These past weeks, I’ve been trying hard to set boundaries, to retain the vestiges of my sanity, or at least to save my emotional energy for fretting that I’ll never get that first that I want so badly. And yet – it feels like squishing a balloon. You can try to make a dent in one place, but all that seems to happen is that the problem pops up somewhere else.
I set a clear boundary that says “I refuse to come home and have to plan and make dinner for all three of us after an entire day of studying and sitting an exam. If you want to eat together, you’ll have to cook for all of us. If not, you’ll have to cook for yourself. And I’ll have a sandwich.” And I end up giving an improptu lesson on the different elements that make up a meal. I might not have done the cooking, but I’ve sure as hell done the thinking. I would’ve thought less if I’d just cooked the damned thing myself, in fact.
Yesterday, J had a day off. I did not, because revision is relentless. J had chosen to clean the floors as his big chore for the week. And he chose to do this in the middle of the day, which made sense, but while I was trying to revise at the kitchen table, which did not make sense. He hoovered around me, and I ignored that, although it isn’t a very sensible way to get the dirt up. But then he tried to mop around me as well. And around every other object in the room – guitar, chair, amp, tea chest – that he hadn’t bothered to move.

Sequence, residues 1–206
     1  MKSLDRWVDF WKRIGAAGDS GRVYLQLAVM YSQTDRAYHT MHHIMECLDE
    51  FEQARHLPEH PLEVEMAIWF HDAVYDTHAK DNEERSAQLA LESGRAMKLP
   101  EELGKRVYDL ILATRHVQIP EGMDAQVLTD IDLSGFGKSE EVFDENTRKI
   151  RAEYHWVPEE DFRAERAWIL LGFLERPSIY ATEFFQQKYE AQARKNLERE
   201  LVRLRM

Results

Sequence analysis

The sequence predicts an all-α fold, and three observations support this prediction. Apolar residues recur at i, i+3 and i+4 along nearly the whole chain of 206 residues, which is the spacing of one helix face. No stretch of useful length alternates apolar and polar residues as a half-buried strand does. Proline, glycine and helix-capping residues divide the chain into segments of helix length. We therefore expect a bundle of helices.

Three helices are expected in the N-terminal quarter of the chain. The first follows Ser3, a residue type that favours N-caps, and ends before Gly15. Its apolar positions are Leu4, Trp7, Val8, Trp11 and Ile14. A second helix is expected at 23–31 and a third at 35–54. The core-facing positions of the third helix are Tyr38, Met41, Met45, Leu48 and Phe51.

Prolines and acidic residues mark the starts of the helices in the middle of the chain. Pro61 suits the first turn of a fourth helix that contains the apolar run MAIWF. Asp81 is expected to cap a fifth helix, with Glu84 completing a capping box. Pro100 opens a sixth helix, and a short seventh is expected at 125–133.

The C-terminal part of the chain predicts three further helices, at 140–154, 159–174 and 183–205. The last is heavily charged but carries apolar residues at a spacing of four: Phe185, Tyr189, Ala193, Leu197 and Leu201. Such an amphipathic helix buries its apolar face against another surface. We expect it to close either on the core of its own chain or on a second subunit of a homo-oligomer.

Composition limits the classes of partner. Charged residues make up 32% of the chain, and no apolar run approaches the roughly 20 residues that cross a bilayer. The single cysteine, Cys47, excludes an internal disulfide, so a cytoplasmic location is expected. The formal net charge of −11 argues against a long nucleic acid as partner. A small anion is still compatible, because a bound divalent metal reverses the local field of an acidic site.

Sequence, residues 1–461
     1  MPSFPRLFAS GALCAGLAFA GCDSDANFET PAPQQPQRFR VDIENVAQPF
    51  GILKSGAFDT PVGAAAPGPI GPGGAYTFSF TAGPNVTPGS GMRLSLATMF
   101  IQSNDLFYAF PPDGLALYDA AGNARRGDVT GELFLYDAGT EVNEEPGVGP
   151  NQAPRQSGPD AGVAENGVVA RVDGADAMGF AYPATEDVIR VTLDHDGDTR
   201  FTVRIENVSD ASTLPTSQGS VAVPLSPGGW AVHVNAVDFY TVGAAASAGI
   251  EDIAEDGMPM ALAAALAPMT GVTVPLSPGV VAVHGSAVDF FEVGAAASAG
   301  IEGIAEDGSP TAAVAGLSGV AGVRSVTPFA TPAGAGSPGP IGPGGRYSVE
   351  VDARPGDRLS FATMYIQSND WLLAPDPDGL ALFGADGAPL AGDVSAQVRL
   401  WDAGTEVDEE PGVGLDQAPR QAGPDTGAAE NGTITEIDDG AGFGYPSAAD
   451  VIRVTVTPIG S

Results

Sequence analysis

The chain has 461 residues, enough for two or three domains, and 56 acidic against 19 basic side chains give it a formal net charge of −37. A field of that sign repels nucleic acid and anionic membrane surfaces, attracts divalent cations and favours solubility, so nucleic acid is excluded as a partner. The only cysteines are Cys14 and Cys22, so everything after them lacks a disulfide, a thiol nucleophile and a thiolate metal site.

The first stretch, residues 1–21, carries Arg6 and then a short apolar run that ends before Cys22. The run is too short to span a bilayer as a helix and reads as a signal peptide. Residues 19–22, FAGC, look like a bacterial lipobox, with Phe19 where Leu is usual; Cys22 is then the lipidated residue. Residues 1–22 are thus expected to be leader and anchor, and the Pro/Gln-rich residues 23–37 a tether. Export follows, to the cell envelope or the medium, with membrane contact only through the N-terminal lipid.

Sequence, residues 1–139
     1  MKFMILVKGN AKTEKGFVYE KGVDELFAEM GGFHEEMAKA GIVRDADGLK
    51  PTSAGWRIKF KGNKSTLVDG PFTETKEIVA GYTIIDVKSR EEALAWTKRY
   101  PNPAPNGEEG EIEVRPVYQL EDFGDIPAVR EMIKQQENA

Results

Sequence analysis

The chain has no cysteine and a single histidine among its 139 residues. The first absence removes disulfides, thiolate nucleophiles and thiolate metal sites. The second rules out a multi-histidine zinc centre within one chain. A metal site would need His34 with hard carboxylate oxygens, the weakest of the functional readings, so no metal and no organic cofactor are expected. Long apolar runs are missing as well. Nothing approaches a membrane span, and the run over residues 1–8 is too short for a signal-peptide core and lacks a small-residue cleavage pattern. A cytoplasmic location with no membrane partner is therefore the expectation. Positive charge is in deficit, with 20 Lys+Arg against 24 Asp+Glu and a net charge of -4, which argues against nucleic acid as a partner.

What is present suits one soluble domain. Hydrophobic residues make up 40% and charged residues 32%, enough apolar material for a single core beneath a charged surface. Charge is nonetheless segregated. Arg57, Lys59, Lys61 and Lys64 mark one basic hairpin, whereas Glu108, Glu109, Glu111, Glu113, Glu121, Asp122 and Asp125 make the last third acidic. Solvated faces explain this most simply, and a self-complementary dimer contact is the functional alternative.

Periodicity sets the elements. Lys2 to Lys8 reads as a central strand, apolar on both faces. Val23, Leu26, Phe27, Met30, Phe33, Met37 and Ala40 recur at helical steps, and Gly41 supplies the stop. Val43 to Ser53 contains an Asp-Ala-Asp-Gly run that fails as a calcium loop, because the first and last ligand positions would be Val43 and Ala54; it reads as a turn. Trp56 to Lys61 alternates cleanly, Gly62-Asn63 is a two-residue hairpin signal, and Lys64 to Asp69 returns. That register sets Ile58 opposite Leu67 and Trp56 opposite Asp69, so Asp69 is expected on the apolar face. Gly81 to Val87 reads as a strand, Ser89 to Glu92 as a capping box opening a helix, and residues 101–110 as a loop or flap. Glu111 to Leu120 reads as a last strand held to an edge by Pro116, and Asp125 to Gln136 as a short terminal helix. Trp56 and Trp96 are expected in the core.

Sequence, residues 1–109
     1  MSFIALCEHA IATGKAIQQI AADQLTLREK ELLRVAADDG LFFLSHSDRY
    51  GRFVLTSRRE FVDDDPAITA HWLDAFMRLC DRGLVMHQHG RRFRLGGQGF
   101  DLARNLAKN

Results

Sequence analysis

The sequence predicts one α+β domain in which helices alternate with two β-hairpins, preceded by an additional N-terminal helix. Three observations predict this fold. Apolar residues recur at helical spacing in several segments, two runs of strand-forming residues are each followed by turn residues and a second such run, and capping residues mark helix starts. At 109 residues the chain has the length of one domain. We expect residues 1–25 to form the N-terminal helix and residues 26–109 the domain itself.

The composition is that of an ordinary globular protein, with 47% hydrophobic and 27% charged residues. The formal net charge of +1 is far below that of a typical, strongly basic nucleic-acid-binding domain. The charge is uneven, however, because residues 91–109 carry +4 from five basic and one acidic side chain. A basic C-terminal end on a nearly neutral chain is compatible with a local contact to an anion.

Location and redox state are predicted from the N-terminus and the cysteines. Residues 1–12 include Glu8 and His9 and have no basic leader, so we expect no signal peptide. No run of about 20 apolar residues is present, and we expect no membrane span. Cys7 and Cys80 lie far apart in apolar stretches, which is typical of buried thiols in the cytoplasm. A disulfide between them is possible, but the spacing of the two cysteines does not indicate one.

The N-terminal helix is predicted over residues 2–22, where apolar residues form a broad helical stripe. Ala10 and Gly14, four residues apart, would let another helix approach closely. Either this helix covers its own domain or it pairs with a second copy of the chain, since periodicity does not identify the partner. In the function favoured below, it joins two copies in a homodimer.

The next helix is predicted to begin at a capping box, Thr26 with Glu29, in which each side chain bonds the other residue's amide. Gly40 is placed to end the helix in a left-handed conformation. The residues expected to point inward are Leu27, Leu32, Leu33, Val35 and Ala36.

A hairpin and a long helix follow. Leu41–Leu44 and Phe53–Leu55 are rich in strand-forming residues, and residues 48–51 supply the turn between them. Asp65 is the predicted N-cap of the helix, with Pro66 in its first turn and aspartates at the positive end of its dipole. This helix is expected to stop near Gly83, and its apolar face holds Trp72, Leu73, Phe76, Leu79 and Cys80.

I cared. Oh, how I cared. But I had almost no emotional energy left to give. For the first time since he’d arrived five weeks ago, I shouted at him. I felt myself losing my temper. I saw him pouting. Taking it personally. I started losing it faster. When I felt tears of rage in the corners of my eyes, I tried to stop. Turned away. Took deep breaths. Tried to make my body language less aggressive. He didn’t stop being defensive. Didn’t try to listen. I tried to stomp on the rage, but only compounded it.
You’re the one who keeps talking about how high his standards are, I snarled. You’re the one who wanted to mop the floors every week. But you don’t know how to do it properly, do you? No wonder you keep talking about how easy it all is! You only do the easy bits! You’ve lived in a house with carpet your whole life. I’ve had a bedroom with wooden floors since I was ten. And my parents didn’t clean it for me! If you’re going to interrupt MY studying to clean the floors that YOU spilt compost over yesterday, then you will listen to me when I tell you that what you’re doing IS NOT MAKING THE FLOOR ANY FUCKING CLEANER!